Motorcycle riders object to focus on bike noise
Of the 30 or so motorcycle riders gathered in front of St. John’s City Hall Tuesday evening, none said the city is without noise pollution. They just wanted to make it clear it is not just because of them.
“It seems like they’re targeting bikers, riders, motorcycle enthusiasts — whatever label they want to put on us this time,” said Burt Ash, who has been riding more than 30 years, when asked why he was there, with his bike parked among 20 others.
The bikes were lined up by
5:30 p.m. and their owners waited for city council to exit a regular meeting.
Motorcycles and noise pollution were not discussed in that meeting.
The presence of the bikers at city hall was loosely organized, led by rider Jody Warren. It was the culmination of two weeks of coffee shop debates, online message board discussions and “Open Line” rants, after the subject of loud bikes was raised in a council meeting in late August.
Perry Kendall, a part-time motorcycle safety instructor, said he was at the gathering because he objects to “blanket statements” made against motorcycle riders. But he also said he disliked the focus being on motorcycles when discussing noise pollution in the city.
“They’re singling out motorcycles as the primary noise polluters and that’s not entirely accurate. There are a lot of other types of vehicles and devices, such as snowblowers, which create equal if not more amounts of noise pollution,” he said. Others added lawn mowers, car subwoofers and air brakes to that list. Some simply paused during interviews to gesture towards noisy vehicles passing by on New Gower Street.
Everyone who spoke with The Telegram said there were “problem” bikers in the mix.
“It’s only a handful of irresponsible motorcyclists that are making it bad for the vast majority, who are responsible motorcyclists,” Kendall said. “Ticket ’em. Leave the rest of us alone.”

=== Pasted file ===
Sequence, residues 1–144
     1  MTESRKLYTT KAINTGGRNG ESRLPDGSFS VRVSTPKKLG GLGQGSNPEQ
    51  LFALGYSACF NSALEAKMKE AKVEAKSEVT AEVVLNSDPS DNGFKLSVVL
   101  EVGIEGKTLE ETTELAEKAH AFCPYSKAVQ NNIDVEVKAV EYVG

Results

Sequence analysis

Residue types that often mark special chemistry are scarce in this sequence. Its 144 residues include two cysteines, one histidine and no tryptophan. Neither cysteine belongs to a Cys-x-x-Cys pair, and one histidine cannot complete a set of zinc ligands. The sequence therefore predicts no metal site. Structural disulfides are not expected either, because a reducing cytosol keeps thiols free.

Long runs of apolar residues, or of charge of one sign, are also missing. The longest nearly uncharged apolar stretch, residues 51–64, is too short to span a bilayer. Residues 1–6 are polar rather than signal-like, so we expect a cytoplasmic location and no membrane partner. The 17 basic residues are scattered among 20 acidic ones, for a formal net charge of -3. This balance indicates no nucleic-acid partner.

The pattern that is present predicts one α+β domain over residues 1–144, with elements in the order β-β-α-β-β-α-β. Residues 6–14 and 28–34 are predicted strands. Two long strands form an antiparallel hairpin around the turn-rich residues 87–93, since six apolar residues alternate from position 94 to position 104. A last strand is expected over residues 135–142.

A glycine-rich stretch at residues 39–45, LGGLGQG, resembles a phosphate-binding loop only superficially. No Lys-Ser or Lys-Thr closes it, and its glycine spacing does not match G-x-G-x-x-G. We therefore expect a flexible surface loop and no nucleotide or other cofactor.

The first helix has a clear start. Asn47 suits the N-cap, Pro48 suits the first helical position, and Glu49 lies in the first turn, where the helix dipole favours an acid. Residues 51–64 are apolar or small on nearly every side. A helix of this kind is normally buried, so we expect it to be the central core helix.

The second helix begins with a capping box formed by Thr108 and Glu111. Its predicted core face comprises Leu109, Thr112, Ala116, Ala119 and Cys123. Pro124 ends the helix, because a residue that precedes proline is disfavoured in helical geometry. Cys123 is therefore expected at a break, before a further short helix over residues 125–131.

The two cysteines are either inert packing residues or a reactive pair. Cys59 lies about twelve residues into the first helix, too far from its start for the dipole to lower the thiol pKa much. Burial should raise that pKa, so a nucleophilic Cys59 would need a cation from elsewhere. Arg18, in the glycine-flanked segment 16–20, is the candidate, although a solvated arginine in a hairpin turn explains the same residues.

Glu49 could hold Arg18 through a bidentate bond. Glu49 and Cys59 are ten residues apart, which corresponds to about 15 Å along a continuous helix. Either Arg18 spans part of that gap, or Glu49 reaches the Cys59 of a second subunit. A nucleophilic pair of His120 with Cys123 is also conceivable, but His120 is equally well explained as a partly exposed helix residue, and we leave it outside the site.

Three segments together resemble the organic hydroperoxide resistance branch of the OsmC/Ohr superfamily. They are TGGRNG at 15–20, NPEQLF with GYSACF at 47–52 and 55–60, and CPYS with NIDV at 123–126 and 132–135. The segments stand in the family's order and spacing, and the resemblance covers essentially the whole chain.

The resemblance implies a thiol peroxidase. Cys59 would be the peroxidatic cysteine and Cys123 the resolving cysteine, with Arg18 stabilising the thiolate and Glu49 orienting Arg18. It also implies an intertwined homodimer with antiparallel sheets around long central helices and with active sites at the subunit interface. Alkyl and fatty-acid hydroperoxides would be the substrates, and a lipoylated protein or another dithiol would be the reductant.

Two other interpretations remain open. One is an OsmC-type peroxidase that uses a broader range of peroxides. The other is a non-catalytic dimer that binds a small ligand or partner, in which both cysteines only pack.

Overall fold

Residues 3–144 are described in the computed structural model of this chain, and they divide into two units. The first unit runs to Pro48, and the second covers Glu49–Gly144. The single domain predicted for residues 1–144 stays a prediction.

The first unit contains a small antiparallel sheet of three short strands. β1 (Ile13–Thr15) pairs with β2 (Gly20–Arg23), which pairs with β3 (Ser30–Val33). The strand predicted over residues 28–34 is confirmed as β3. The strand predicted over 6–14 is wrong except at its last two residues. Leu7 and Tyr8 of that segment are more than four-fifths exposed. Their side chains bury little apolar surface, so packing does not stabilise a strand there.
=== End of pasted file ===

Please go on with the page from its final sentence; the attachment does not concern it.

Shawn Lawrence had his first Harley at age 15 and built bikes from scrap parts with his dad. He has been riding motorcycles for 55 years. He said term “after-market exhausts” has been used as an “easy out” in the discussions on noisy bikes in St. John’s, saying the add-ons don’t necessarily mark the bad apples.
He has after-market pipes.
“I can drive down Water Street any hour of the night or day and I don’t turn a head from the sidewalk — only somebody looking to say ‘look at that old fart driving a bike,’” he said, laughing. “There’s a handful of yahoos that cause problems on this street and Water Street in the evenings and they should be dealt with by the (existing) law.”
There were other calls for increased ticketing of “yahoos.”
“Whatever society you’re in, you’re going to come across a few idiots. But don’t let the idiots spoil it for the whole bunch,” said Langford Manderson.
“Whatever society you’re in, you’re going to come across a few idiots. But don’t let the idiots spoil it for the whole bunch.” Langford Manderson
Manderson is a regular highway rider and said he is concerned about the city pushing for the province to take action — specifically making changes to the Highway Traffic Act — that would affect riders all over Newfoundland and Labrador.
As the council meeting clewed up, Coun. Danny Breen, Coun. Tom Hann and Coun. Sheilagh O’Leary were encircled outside the front entrance.
“This is not a new issue. I’ve been on council for six years and every year this (noise) issue has come up. Every year we’ve asked the provincial government to go and do something about it and every year ‘it’s under study.’ Well, the study time is over,” Hann said in an exchange with one female motorcycle user.
The focus of the motorcyclists soon turned to O’Leary, who has been pegged as the representative for the issue. O’Leary also said the province needs to respond to the city’s repeated requests for a statement on the issue, or at least provide information from its studies.
The gathering at city hall is likely to help.
“The reality is nothing gets done unless there’s a bit of pressure,” she said.